Why Angie Mar's Cooks Are Taking Over the Beatrice Inn on Cinco de Mayo

Dave Katz
“They’re the soul of this restaurant.”

This Cinco de Mayo will be different at New York’s Beatrice Inn. Instead of celebrating with her usual array of dry-aged beefy behemoths, chef Angie Mar (a 2017 F&W Best New Chef) is turning over the kitchen to her staff this coming Friday. Their mission: dream up an adventurous menu centered around the Mexican canon, which diners will wash down with Casa Dragones blanco and joven tequilas.

You can reserve online through OpenTable as well as walk in (since the menu will also be available at the bar). Here’s why she does it—and why you should book your seat ASAP.

 

It Puts Her Cooks in the Spotlight

“It first started with Lucero Ramales, my sous chef,” says Mar. “I wanted to give her a day to cook her grandmother’s mole, her mother’s posole and to really celebrate her.”

Now, it’s become a celebration of the whole kitchen staff. Sous chef Ed Szymanski is in charge of the tasting menu, which will feature surf clam ceviche with fried crickets and mole made with pig’s blood.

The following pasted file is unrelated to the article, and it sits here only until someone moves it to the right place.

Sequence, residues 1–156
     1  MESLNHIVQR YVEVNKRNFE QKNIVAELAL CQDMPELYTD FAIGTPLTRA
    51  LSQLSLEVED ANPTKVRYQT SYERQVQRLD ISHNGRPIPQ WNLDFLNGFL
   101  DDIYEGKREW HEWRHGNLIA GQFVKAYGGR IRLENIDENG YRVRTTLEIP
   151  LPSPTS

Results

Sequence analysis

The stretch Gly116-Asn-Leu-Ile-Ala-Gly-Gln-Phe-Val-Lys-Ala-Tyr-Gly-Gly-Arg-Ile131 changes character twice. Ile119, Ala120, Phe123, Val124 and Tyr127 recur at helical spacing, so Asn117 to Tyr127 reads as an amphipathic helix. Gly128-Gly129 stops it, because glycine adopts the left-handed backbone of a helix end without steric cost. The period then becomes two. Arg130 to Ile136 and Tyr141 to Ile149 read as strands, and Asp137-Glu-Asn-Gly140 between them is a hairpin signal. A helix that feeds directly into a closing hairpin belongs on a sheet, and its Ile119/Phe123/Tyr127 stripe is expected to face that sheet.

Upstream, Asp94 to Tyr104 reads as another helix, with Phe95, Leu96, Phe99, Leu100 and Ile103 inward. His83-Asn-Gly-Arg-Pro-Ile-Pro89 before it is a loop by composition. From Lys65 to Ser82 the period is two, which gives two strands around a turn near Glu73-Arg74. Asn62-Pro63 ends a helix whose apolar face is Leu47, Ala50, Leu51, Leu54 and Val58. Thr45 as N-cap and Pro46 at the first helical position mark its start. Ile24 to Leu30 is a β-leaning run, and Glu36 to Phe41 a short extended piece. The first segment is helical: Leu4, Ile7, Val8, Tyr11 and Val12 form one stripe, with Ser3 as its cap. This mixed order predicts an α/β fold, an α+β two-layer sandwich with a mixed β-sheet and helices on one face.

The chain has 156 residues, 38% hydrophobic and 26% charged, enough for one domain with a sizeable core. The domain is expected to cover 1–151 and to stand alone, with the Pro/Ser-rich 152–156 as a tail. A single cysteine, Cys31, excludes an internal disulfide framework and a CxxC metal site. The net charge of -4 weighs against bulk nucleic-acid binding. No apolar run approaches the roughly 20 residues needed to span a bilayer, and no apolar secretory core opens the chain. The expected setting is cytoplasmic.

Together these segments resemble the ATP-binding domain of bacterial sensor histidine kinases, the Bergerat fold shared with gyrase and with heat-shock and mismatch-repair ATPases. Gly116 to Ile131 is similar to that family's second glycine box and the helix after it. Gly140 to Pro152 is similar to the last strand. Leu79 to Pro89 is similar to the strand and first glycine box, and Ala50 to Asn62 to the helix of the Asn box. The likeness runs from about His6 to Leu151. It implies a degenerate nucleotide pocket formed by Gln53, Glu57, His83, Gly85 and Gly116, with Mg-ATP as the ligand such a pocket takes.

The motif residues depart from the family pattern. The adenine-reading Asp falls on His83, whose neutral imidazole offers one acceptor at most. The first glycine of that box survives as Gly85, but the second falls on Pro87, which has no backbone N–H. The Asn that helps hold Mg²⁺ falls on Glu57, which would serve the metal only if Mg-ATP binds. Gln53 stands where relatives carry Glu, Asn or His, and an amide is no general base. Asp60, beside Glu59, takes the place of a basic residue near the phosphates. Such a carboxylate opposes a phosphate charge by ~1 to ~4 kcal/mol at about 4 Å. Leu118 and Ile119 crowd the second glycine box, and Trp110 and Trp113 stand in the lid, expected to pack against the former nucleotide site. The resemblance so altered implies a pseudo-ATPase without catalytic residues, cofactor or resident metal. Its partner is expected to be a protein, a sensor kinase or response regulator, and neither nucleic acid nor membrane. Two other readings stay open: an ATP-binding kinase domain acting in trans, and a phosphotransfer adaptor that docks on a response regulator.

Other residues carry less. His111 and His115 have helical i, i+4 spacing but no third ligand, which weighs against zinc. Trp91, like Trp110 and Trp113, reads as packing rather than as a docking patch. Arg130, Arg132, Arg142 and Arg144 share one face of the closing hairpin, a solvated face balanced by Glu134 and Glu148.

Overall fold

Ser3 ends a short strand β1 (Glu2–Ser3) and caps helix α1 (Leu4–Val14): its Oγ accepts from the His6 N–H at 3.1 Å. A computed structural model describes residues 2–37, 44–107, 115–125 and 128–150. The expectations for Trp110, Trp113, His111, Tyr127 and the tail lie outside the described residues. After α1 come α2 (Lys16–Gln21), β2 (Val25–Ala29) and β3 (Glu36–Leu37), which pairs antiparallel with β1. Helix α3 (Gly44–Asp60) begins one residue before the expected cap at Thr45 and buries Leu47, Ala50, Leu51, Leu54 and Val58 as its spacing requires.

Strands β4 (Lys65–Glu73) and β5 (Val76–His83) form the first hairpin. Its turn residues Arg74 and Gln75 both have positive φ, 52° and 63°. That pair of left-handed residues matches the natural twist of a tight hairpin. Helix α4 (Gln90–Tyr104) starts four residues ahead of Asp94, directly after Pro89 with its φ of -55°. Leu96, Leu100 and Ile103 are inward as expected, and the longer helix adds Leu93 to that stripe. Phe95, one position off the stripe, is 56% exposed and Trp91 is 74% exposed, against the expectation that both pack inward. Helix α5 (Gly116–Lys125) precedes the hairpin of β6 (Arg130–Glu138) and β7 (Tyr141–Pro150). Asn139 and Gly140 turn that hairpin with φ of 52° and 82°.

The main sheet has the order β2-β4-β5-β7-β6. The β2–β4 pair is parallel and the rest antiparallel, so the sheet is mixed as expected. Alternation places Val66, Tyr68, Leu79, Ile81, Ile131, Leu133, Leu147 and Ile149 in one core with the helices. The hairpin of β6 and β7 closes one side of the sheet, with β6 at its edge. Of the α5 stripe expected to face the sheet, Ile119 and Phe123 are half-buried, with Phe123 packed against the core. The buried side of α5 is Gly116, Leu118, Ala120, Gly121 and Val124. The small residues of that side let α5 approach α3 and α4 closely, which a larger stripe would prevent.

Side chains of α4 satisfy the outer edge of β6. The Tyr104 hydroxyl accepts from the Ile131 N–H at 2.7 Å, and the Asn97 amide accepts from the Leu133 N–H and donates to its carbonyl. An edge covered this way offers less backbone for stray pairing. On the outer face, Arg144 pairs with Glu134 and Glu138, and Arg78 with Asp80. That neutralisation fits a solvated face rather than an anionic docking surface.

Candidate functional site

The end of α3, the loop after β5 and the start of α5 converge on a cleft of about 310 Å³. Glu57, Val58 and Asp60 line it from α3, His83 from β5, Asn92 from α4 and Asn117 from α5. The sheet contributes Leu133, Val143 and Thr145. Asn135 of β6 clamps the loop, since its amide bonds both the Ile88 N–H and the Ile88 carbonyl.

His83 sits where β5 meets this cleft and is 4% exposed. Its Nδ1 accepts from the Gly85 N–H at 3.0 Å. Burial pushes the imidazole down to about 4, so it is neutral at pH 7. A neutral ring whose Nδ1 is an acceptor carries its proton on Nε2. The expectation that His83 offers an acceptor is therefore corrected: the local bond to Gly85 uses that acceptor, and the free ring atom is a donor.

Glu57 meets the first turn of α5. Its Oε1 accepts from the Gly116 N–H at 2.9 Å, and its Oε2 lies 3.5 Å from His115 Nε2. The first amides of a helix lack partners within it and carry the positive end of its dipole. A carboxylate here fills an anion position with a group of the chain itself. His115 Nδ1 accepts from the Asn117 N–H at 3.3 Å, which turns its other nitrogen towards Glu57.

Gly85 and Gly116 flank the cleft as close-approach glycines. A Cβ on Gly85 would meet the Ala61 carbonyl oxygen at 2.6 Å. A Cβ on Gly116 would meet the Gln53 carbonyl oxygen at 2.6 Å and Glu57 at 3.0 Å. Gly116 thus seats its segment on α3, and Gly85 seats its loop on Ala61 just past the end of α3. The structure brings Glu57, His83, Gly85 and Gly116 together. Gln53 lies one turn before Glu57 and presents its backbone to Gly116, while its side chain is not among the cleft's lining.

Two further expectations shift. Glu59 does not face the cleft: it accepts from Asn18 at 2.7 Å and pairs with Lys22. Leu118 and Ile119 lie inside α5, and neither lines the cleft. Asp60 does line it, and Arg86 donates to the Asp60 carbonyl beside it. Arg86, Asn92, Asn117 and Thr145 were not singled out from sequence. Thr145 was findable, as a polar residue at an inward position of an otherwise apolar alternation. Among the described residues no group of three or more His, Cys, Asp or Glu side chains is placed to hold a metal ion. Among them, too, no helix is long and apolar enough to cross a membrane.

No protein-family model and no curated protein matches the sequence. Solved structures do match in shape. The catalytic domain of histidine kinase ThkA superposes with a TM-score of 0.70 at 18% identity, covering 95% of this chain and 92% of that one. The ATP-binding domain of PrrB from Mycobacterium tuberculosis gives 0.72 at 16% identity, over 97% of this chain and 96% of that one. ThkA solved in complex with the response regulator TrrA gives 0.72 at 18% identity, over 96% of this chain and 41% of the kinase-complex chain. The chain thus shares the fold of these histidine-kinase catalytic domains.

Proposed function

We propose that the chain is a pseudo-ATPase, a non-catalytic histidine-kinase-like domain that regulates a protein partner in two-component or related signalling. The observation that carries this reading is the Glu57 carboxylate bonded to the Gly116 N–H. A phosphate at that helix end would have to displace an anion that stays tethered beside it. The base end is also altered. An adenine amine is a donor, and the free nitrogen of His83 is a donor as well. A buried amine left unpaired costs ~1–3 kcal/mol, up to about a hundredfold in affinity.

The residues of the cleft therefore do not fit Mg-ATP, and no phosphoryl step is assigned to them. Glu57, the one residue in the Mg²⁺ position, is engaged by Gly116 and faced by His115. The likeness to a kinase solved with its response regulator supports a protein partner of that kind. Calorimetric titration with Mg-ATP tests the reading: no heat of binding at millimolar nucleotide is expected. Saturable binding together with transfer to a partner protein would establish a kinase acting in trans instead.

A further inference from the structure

“I have this day where we are celebrating not only Lucero’s heritage but really what this restaurant industry is made of,” says Mar. “These are the new stars of the culinary industry.”

It Trains Her Kitchen Crew in Restaurant Operating 101

This one-day menu takeover is also an opportunity for Mar to put her sous chefs Ramales, Szymanski and Nicole Averkiou through a mini leadership bootcamp.

“I don’t weigh in on anything,” she says. “Ed, Lucero and Nicole lead the charge. They sit down as a group, talk about what they want to eat and what they want to cook.”

The team gets full creative control, but also the not-so-glamorous tasks of running a restaurant, like costing out the food and figuring out pricing.

The Bea’s Team Always Craves Mexican Food

“We run 14-16 hour days here, and on any given night, you’ll find my cooks and me at 2:00 or 3:00 a.m. at the taco truck on the corner of 8th Avenue and 14th Street,” says Mar. “It’s comfort food.”

Not only is this soulful of cooking part of her cooks’ backgrounds, but it’s become part of hers. “I always joke when I write my memoir, it will be called Dead Animals and Mexican Food,” Mar says. 

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